I Advertise with us I
I Sponsored Articles I
I Partnerships and Event I
I Press Release I
I Contact Us I

Opportunitysaudi.com, your gateway 


Discover luxury, travel, Culture, Commercial And Residential Properties and prime business opportunities at Opportunitysaudi.com – Your gateway to the world of sophistication and excellence for business travelers and luxury enthusiasts.<

Why Hackers Are Targeting Your Airline Rewards Points and Miles – and How to Keep Them Safe

Why Hackers Are Targeting Your Airline Rewards Points and Miles – and How to Keep Them Safe

Cybercriminals have set their sights on breaching frequent flier accounts and cashing in on stolen miles. Here's how travelers can safeguard their accounts from these attacks.

For many travelers, airline miles and hotel loyalty points hold significant value, serving as a versatile form of currency that enables them to book flights and accommodations around the globe. However, the prospect of malicious hackers infiltrating their frequent flier accounts may not have crossed the minds of many. Nonetheless, experts advise travelers to exercise vigilance over their frequent flier activity, much like they do with their bank and credit card accounts.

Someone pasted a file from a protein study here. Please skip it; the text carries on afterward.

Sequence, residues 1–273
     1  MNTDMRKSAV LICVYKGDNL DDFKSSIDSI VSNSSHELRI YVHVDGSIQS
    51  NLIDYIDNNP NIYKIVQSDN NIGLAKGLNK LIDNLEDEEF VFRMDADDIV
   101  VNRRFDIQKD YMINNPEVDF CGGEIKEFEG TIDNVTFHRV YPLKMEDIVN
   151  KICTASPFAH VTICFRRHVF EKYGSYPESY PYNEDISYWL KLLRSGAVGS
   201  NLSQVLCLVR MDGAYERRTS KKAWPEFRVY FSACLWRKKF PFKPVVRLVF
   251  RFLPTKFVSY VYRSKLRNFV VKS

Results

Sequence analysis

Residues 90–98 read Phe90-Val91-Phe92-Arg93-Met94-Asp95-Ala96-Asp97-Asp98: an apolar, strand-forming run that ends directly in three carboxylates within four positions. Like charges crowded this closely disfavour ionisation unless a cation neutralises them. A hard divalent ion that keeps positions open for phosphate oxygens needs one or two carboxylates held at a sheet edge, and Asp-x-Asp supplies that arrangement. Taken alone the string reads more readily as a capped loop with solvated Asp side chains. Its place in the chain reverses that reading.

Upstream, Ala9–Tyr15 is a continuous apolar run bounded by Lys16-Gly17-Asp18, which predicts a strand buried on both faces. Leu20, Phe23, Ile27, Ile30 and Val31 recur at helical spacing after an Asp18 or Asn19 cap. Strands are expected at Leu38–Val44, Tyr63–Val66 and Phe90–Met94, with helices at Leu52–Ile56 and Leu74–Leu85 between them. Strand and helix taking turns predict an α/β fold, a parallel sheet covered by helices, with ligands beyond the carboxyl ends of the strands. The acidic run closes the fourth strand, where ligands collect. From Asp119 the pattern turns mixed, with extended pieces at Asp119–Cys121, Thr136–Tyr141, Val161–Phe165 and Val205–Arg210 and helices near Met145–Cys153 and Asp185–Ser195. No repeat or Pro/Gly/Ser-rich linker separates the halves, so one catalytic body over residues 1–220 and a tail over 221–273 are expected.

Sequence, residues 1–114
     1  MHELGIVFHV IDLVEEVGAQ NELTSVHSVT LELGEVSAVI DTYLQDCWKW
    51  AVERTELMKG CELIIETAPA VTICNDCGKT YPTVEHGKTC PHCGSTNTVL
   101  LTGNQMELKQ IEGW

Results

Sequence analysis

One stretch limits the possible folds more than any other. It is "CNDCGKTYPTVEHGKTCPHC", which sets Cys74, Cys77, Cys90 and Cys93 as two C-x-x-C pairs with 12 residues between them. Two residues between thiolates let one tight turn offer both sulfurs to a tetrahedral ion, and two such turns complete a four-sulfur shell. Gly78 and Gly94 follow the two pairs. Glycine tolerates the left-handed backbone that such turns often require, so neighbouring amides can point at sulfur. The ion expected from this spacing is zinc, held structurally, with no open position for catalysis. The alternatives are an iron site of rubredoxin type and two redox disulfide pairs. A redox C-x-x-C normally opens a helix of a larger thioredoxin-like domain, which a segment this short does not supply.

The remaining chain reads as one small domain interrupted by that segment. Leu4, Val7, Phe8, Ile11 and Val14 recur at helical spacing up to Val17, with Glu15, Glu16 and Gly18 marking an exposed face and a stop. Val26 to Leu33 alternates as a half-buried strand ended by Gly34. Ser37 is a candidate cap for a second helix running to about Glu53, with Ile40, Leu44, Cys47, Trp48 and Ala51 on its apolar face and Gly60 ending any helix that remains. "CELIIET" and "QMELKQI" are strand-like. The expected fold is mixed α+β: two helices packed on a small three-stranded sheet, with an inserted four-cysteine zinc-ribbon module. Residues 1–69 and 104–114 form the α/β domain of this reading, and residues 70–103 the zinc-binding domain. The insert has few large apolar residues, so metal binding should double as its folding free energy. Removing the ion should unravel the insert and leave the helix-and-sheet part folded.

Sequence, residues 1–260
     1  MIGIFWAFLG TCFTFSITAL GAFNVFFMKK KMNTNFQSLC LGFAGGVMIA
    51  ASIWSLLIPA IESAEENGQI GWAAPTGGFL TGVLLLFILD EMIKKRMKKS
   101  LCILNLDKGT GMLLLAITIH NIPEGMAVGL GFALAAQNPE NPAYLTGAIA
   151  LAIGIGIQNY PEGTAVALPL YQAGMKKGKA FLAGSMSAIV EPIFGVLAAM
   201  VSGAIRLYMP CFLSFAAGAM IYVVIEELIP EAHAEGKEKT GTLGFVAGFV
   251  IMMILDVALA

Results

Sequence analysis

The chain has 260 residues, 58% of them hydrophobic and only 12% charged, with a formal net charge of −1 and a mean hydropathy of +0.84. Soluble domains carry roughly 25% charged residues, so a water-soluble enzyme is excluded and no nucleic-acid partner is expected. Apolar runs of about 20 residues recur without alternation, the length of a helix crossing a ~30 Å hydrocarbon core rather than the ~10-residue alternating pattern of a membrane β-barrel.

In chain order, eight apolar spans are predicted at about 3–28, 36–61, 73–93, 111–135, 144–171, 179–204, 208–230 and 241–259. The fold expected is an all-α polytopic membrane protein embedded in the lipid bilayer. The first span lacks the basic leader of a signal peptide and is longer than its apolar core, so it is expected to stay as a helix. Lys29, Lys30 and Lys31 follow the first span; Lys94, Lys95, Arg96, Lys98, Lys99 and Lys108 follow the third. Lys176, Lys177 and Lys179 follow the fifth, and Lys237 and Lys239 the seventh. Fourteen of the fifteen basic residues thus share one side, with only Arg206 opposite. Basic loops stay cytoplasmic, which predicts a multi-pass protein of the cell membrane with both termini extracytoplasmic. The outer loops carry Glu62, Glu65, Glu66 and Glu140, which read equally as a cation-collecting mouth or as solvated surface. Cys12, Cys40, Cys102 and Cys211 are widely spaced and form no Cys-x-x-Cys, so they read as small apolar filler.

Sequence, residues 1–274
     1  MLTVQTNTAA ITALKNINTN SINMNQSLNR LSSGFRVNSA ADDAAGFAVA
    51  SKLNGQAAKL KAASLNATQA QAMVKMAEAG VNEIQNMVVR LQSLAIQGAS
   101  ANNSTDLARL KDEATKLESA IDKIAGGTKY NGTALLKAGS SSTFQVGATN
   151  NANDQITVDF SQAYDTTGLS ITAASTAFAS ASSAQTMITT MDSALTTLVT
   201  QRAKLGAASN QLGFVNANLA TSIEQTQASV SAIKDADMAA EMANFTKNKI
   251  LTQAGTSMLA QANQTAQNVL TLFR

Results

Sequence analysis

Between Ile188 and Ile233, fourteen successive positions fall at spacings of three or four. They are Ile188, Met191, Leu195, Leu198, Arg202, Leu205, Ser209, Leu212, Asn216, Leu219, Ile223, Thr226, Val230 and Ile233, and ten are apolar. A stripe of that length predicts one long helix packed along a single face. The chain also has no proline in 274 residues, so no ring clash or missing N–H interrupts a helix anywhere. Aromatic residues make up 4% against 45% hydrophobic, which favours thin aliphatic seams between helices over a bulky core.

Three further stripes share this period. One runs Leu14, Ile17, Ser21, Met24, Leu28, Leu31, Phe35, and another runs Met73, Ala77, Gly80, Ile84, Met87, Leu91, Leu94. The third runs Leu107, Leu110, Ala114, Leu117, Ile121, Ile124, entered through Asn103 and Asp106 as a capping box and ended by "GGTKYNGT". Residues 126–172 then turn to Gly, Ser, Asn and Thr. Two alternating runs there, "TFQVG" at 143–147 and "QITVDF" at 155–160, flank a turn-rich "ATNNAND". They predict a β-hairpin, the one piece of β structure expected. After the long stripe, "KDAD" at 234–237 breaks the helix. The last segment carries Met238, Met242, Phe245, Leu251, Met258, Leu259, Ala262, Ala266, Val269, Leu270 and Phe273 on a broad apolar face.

According to Kurt Long, the founder of cybersecurity firm Bunkr, the theft of points and miles has been on the rise in recent years. This increase can be attributed, in part, to major data breaches at companies like Starwood/Marriott, MGM, Star Alliance, and OneWorld. These breaches resulted in cybercriminals gaining unauthorized access to travelers' information, including usernames and passwords. Additionally, a reduced level of travel during the pandemic contributed to the vulnerability of these rewards accounts.

"Most people don't routinely check their account balances, and during the pandemic, they also weren't utilizing their points," Long explained. "At the same time, rewards programs were distributing a substantial number of points, making them a more appealing target for hackers."

Long noted that the security regulations in the travel sector tend to be less stringent compared to heavily regulated industries such as banking, wealth management, and healthcare. Consequently, there are fewer safeguards in place to protect travelers in case of data breaches.

Gary Leff, a blogger at ViewFromTheWing.com, who specializes in frequent flier points and miles, acknowledges the prevailing belief that theft of points and miles is increasing, but obtaining concrete data to substantiate this claim remains challenging. Many loyalty programs closely guard their actual fraud levels.